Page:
White House officials have said the three leaders will discuss “a range of issues important to the daily lives of all of North America’s people.” What isn’t clear is whether the plight of the monarchs will make the agenda, and if the three countries bound by an age-old butterfly migration will together show resolve in making sure this unique connection isn’t permanently severed.

Whether monarchs flying south from Ontario, across America’s heartland to converge on the oyamel fir trees of the Sierra Madre; gray whales hugging the California coast as they migrate from Baja to the Beaufort Sea and back again; or pronghorn antelope clinging to strongholds from the Northern Great Plains to the Sonoran Desert, the natural bonds connecting the U.S., Mexico and Canada stretch back millennia and transcend anything that can be traded or written on paper. They are bonds to take pride in, that unite the countries of North America in unexpected, beautiful ways. Something we simply cannot let disappear.

The summit in Toluca may be the last hope we have of saving the monarch migration. President Peña Nieto himself has been committed to the conservation of the monarch sanctuaries of Estado de Mexico since he served as governor there from 2005 to 2011. He knows firsthand the significant efforts and sacrifices of Mexico’s local indigenous communities, authorities and civil society organizations to protect the sanctuaries. He also knows the important contribution the butterflies bring to local social and economic well-being.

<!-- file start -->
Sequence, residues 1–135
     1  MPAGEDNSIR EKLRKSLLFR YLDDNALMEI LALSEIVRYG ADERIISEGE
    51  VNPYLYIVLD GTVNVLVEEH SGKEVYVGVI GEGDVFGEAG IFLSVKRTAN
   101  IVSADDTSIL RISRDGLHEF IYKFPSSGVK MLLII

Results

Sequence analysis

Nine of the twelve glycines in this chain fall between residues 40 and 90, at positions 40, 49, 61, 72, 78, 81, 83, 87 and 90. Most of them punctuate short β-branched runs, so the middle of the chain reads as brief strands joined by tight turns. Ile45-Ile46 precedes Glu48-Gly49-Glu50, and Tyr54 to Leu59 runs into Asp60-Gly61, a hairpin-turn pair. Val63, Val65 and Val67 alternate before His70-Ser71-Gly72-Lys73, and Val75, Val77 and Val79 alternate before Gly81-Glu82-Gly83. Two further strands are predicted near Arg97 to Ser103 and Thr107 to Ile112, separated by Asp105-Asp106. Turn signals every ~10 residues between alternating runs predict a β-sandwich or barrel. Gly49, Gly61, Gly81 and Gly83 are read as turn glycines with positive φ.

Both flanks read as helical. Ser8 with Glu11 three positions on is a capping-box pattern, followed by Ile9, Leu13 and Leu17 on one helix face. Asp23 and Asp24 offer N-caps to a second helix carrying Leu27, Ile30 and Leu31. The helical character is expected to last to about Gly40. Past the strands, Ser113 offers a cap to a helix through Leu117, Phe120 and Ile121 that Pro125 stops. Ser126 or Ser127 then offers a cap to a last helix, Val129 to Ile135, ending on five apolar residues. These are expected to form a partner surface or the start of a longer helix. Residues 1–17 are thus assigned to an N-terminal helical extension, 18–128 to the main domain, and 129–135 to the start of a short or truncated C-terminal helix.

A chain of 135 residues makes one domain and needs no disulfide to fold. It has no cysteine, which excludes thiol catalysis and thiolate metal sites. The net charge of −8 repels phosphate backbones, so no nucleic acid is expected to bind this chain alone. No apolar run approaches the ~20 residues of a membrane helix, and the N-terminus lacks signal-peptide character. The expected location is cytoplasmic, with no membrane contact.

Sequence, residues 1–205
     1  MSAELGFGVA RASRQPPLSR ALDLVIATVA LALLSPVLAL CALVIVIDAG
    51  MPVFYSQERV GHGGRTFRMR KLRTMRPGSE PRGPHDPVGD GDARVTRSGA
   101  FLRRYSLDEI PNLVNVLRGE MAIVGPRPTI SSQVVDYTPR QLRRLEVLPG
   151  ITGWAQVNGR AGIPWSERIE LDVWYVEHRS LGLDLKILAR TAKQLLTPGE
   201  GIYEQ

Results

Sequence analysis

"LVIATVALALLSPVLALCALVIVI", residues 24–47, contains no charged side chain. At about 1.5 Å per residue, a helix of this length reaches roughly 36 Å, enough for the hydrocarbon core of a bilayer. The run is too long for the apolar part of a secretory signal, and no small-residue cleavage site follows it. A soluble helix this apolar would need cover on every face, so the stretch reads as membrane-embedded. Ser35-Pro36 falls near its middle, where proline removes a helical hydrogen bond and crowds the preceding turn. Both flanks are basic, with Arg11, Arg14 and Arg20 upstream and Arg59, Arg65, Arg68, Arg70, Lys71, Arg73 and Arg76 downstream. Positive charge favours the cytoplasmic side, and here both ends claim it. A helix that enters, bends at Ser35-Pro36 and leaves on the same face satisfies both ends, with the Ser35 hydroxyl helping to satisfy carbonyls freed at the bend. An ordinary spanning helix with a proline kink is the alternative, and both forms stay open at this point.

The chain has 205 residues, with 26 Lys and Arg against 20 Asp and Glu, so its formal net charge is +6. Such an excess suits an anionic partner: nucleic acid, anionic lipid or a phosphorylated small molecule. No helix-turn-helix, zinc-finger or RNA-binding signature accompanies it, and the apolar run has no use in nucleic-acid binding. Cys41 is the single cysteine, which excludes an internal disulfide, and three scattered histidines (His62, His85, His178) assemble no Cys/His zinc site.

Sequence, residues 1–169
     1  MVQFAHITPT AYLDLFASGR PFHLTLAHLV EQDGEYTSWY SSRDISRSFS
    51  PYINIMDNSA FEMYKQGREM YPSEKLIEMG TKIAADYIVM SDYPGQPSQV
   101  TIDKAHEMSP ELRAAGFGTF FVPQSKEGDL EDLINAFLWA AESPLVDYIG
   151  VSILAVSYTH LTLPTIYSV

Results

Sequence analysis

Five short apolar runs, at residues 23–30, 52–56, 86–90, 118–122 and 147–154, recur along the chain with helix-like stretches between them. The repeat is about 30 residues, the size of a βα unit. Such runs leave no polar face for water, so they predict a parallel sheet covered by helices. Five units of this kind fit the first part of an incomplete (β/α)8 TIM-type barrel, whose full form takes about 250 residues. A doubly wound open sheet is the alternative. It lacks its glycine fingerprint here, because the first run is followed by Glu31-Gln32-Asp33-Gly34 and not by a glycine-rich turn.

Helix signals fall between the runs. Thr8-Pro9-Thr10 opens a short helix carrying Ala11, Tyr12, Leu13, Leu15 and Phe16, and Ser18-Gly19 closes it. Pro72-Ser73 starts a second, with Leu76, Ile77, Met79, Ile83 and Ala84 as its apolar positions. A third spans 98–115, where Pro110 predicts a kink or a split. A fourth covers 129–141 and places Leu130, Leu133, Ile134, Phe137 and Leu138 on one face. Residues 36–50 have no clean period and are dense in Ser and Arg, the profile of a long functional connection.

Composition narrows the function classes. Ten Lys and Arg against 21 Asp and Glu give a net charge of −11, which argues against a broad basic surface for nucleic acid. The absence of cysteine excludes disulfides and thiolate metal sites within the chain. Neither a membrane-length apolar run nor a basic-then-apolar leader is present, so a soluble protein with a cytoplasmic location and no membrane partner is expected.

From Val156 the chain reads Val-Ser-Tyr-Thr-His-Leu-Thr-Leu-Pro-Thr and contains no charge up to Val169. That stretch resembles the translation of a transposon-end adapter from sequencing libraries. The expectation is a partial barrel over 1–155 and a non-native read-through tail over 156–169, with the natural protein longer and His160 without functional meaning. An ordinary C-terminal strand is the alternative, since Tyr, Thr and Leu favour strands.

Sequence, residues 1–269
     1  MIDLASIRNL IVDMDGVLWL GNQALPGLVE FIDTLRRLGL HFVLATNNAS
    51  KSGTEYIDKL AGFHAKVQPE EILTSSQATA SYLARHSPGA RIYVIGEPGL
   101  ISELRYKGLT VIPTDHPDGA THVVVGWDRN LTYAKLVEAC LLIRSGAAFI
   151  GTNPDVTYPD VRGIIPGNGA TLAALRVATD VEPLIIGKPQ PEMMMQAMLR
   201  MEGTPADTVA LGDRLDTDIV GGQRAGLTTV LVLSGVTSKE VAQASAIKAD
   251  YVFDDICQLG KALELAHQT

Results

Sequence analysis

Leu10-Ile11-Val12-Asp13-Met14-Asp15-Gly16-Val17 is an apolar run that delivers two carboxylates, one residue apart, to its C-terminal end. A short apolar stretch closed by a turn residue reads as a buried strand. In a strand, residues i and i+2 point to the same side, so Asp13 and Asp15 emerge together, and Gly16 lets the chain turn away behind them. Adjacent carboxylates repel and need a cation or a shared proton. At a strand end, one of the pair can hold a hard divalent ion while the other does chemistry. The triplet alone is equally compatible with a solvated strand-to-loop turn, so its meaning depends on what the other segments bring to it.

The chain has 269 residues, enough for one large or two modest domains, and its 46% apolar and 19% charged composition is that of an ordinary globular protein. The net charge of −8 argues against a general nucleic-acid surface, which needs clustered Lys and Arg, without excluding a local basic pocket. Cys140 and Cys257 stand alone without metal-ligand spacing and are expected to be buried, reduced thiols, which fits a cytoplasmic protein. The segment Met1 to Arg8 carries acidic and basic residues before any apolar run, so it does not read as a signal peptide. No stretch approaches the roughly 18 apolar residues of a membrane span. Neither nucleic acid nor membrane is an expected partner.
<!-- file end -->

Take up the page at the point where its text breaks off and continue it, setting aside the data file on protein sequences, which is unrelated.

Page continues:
Only a joint effort from all three countries will turn the tide in favor of the monarch. Our leaders must re-energize efforts to conserve the monarch butterfly, like those under the North American Agreement on Environmental Cooperation that was born alongside NAFTA. This plan must include concrete actions to halt destruction of milkweed in the U.S. and Canada, restore monarch habitat in all three countries, and strengthen law enforcement in Mexico to stop deforestation. If together we could pull off something as big and ambitious as NAFTA, solving the monarch crisis must be within our means. We urge our heads-of-state, on behalf of all the people of North America, to use this opportunity to commit to the long-term preservation of one of our most ancient and spectacular bonds.